© Copyright ® Steven Cerra, copyright protected; all rights reserved.
“Russell codified the modal approach to harmony (using scales instead of chords) in a theoretical treatise that he says was inspired by a casual remark the eighteen-year-old Miles Davis made to him in 1944: Miles said he wanted to learn all the changes and I reasoned that he might try to find the closest scale for every chord ... Davis popularised those liberating ideas in recordings like Kind of Blue, undermining the entire harmonic foundation of bop that had inspired him and Russell in the first place.”
[Gary Giddins, Visions of Jazz, 1998, 6]
Part 5 is from Darius Brubeck’s essay - 1959: The Beginning of Beyond - which in its final form, serves as Chapter 10 in Merwyn Cooke and David Horn, The Cambridge Companion to Jazz .
As noted in the first posting, it’s a long piece, so we have used the subject headings within the essay as a means of presenting it on these pages in smaller samplings.
Keeping in mind Darius’ observation of 1959 as a pivotal year in the evolution of Jazz, the factors building up to why this was so from this portion of his essay emphasizes “The Lydian Chromatic Concept of Tonal Organization, the first text written specifically as Jazz theory and The Third Stream which had the potential to be created from a melding of Jazz and Classical music.”[paraphrase]
© Copyright ® Darius Brubeck, copyright protected; all rights reserved; used with the author’s permission.
“The Lydian Chromatic Concept”
“The first text written specifically as jazz theory was The Lydian Chromatic Concept of Tonal Organisation by George Russell, first published in 1953 and issued in a revised edition in 1959. Russell is a composer, teacher and sometime bandleader who had a great influence on the rising third-stream intelligentsia of the 1950s and early 1960s. He studied composition with Stephen Wolpe and also wrote scores for Gillespie. He taught at Lenox in 1958 and 1959, which gave his ideas the most important exposure imaginable at the time, (He later taught at New England Conservatory from the late 1960s.) As an academically trained composer he added unusual technical skill at manipulating structure, harmony and balance, affecting the usual concerns of jazz composition, which are the interplay of improvised solos and arranged ensemble passages. He was a daring and rigorous experimentalist as a composer (see, for example, All About Rosie and Living Time). Perhaps because he did not project himself enough as a performer (on piano) his music is little known to the public but it remains controversial, influential and respected within professional circles. Whatever the ultimate verdict on The Lydian Chromatic Concept, there is no doubt he was an inspirational teacher. All About Rosie (re-issued on Schuller, The Birth of the Third Stream) is a singular accomplishment: it is mainly the exciting piano solo by Bill Evans that gives it an aura of historic specificity, but in style and conception it sounds as if it could have been written much more recently.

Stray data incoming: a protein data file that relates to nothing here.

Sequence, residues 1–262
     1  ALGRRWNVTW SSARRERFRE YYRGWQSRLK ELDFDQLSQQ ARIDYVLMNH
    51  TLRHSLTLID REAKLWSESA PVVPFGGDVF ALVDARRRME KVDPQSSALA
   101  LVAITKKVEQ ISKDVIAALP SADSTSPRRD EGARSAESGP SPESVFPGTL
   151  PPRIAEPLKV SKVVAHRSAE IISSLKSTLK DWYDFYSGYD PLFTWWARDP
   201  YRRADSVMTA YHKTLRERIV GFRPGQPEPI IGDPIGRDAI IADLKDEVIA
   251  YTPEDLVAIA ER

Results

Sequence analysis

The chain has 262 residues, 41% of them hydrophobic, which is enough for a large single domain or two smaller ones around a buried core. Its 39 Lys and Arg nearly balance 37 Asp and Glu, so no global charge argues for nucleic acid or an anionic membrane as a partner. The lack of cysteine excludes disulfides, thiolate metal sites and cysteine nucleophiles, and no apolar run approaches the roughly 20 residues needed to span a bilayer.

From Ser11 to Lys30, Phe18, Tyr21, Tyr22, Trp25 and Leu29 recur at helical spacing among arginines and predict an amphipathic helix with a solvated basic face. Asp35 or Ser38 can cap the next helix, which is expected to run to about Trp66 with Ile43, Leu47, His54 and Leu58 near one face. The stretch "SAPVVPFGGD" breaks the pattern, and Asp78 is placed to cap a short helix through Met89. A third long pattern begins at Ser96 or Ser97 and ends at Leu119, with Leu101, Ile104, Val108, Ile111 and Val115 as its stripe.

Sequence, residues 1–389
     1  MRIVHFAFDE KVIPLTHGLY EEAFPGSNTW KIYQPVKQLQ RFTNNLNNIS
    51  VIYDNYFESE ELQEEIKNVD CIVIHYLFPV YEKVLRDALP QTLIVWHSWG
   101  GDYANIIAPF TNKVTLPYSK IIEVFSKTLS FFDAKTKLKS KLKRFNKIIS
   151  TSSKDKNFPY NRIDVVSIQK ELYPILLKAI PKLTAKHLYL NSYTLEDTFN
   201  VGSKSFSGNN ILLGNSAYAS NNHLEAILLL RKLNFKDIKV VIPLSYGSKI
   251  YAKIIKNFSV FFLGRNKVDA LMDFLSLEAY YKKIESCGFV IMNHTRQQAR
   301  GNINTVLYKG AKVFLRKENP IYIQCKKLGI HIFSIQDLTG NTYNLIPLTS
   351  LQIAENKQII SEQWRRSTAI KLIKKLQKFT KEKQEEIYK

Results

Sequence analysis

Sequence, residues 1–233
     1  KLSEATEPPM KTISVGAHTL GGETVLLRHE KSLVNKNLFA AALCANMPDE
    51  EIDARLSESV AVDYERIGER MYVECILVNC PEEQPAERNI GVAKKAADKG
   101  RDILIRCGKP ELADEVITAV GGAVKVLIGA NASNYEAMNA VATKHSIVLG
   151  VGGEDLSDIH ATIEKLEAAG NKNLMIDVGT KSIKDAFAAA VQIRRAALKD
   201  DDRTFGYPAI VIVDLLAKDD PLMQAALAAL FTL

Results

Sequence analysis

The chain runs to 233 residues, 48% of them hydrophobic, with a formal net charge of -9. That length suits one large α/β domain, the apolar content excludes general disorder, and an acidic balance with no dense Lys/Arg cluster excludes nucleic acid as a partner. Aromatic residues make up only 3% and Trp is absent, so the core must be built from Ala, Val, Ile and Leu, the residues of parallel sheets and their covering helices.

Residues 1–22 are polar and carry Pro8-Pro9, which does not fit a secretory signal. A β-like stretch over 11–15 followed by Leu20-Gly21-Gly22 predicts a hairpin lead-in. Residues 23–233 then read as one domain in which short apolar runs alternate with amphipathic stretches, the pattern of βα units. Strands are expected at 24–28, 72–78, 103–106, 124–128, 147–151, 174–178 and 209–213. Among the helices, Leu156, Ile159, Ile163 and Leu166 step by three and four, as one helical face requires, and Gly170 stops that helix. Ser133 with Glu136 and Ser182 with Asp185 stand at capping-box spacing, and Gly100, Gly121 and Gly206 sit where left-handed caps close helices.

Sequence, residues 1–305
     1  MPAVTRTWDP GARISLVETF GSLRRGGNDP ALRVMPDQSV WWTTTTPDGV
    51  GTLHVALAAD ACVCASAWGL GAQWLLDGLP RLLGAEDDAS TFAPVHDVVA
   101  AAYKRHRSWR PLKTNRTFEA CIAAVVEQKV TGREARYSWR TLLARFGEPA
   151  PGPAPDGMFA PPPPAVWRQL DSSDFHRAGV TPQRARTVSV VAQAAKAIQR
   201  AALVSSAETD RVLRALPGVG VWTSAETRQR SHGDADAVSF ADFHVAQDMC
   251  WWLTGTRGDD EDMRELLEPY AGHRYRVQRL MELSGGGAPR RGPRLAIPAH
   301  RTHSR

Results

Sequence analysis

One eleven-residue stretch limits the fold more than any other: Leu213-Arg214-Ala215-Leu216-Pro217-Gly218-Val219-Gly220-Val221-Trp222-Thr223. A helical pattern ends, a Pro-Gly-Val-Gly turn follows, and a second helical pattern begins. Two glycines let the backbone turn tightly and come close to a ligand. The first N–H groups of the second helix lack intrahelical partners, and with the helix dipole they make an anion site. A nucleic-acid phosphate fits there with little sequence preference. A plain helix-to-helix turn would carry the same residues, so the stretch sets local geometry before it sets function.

Unlike its respected author, The Lydian Chromatic Concept of Tonal Organisation for Improvisation (to use its full title) has a mixed reputation, probably because, according to Russell, 'The Lydian Chromatic Concept is as large as all of the music that has been written or that could be written in the equal tempered tuning system.” ... Unfortunately, his attempt to present and prove such an audacious comprehensive theory sometimes resulted in unreadably turgid discourse burdened with jargon, yet the work's influence has spread far beyond those who have actually read it:
Russell codified the modal approach to harmony (using scales instead of chords) in a theoretical treatise that he says was inspired by a casual remark the eighteen-year-old Miles Davis made to him in 1944: Miles said he wanted to learn all the changes and I reasoned that he might try to find the closest scale for every chord ... Davis popularised those liberating ideas in recordings like Kind of Blue, undermining the entire harmonic foundation of bop that had inspired him and Russell in the first place.
[Gary Giddins, Visions of Jazz, 1998, 6]